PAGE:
Steam treatment of forest ground vegetation to improve tree seedling establishment and growthNorberg, Gisela
Mechanical soil scarification is the commonly used site preparation technique in Sweden today and there is a need for alternative site preparation methods to fulfil some environmental goals in Swedish forestry. Thermal vegetation control could be an alternative method that reduces the competing forest ground vegetation with minimal disturbance to the mineral soil and ground floor. The aim with this work has been to investigate if it is possible to control forest ground vegetation by steam treatment as an alternative site preparation method before planting or seeding. Studies were conducted on four sites, each representing main Swedish forest vegetation types, i.e. the ground vegetation was dominated by crowberry (Empetrum hermaphroditum Hagerup), bilberry (Vactinium myrtillus L.), heather (Calluna vulgaris (L.) Hull) and wavy hair grass (Deschampsia flexuosa (L.) Trin.). Steam generally controlled recolonisation of vegetation on all investigated sites for a longer time than soil scarification. Especially in controlling grass vegetation steam treatment was much more effective than soil scarification. The establishment and growth of seeded Scots pine seedlings also improved after vegetation control by steam treatment compared to that in intact vegetation. For all sites, both steam treatment and soil scarification improved seedling height growth compared to seedlings planted in intact vegetation. In the bilberry and heather dominated sites seedling growth in steam treated plots was even better than for seedlings planted in mechanical soil scarified plots. Further, key biological soil processes such as microbial activity and mycorrhizal colonisation were not negatively affected by steam treatment. The conclusion made from these studies is that steam treatment has the potential to be used as an alternative site preparation method especially on sites dominated by ericaceous vegetation. However, the method requires some further technical development before it may be used on an operational scale.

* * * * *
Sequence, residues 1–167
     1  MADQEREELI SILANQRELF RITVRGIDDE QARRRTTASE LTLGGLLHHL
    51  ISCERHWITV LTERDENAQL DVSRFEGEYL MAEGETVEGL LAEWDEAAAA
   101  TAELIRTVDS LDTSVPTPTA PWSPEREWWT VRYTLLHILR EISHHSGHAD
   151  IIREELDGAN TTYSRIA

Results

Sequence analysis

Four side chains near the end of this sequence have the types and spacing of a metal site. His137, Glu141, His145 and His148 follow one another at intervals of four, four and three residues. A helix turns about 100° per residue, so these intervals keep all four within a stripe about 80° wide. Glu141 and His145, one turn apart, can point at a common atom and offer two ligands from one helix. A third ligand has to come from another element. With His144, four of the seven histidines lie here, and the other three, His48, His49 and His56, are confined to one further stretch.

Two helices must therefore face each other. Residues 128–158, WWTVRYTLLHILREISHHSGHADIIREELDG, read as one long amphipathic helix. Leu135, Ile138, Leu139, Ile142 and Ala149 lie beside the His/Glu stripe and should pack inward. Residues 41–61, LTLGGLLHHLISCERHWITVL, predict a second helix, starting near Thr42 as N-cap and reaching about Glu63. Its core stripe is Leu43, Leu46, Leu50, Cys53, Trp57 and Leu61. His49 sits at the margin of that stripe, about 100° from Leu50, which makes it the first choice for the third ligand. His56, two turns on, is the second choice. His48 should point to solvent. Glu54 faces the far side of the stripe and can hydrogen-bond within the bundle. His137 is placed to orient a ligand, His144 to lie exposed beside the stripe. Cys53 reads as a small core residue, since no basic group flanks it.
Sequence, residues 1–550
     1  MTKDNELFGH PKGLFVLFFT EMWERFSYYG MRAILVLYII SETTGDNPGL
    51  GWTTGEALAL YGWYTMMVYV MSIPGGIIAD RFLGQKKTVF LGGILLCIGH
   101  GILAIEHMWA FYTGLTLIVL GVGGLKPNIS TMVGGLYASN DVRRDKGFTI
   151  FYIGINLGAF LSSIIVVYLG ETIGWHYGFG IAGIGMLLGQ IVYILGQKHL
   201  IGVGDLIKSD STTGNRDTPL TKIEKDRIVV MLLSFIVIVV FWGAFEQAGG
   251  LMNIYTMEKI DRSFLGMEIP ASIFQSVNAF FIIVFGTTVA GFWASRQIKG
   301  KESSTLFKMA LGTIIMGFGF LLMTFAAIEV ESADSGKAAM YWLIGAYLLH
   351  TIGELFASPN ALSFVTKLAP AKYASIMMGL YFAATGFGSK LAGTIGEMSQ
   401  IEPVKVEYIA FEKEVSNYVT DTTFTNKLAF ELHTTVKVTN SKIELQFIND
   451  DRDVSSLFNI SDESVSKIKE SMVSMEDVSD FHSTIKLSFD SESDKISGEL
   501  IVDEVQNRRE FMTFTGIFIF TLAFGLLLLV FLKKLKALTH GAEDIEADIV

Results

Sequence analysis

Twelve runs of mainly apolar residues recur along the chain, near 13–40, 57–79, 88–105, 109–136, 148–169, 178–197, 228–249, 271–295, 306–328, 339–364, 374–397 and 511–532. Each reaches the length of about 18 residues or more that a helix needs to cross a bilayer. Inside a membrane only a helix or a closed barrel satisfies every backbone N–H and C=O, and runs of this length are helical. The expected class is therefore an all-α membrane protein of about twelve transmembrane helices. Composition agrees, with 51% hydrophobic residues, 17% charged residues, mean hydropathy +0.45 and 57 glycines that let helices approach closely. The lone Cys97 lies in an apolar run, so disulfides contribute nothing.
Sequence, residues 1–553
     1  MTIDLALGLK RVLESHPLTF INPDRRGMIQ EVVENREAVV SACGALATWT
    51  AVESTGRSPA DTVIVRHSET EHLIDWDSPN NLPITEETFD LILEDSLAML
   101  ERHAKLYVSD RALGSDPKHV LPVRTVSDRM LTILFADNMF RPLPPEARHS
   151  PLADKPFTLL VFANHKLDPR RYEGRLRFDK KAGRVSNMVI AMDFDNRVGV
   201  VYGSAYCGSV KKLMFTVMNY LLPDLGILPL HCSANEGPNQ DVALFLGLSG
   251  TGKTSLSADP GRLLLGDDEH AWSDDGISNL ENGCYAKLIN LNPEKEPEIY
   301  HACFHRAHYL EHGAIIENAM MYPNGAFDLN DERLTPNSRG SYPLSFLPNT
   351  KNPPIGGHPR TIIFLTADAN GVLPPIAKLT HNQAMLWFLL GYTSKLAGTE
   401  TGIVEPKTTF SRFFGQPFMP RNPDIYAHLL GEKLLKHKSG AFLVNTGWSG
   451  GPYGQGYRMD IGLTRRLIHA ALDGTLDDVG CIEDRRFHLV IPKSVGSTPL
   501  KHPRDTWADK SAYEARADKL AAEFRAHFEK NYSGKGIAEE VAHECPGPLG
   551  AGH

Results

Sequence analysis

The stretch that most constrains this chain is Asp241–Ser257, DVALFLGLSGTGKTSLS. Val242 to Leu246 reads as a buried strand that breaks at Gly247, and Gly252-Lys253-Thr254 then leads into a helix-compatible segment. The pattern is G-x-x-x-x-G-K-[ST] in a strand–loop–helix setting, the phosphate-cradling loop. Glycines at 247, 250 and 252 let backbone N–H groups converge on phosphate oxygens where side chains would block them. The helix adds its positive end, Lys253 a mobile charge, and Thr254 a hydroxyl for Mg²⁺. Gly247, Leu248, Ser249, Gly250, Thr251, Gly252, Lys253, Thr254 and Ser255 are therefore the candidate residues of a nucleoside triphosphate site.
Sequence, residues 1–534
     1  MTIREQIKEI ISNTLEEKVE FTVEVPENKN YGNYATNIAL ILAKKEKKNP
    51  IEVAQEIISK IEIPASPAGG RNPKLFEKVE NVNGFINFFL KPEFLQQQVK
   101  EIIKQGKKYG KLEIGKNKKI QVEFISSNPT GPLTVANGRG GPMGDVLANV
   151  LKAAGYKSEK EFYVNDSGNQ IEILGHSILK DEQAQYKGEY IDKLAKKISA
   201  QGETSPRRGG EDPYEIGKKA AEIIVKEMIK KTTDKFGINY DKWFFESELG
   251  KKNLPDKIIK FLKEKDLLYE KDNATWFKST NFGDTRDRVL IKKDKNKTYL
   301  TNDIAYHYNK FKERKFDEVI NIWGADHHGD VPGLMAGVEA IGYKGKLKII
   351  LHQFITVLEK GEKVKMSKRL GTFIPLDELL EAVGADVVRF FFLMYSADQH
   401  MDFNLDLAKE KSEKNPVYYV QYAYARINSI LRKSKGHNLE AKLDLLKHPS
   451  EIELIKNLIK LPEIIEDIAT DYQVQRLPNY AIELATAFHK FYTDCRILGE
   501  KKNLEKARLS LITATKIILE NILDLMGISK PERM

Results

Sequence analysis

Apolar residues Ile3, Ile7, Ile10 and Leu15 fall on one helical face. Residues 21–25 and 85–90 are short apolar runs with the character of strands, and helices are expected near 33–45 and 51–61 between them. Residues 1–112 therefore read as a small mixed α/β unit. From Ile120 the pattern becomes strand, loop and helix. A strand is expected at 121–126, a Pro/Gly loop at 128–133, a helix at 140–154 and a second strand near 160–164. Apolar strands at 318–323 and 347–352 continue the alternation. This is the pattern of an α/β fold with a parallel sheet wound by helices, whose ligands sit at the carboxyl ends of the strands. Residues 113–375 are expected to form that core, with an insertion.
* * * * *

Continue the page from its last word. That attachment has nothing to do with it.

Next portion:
KeywordsCalluna vulgaris; Deschampsia flexuosa; Empetrum hermaphroditum; Norway spruce; Scots pine; soil scarification; thermal vegetation control; Vaccinium myrtillus
Published inActa Universitatis Agriculturae Sueciae. Silvestria
2000, number: 170
Publisher: Department of Forest Vegetation Ecology, Swedish University of Agricultural Sciences
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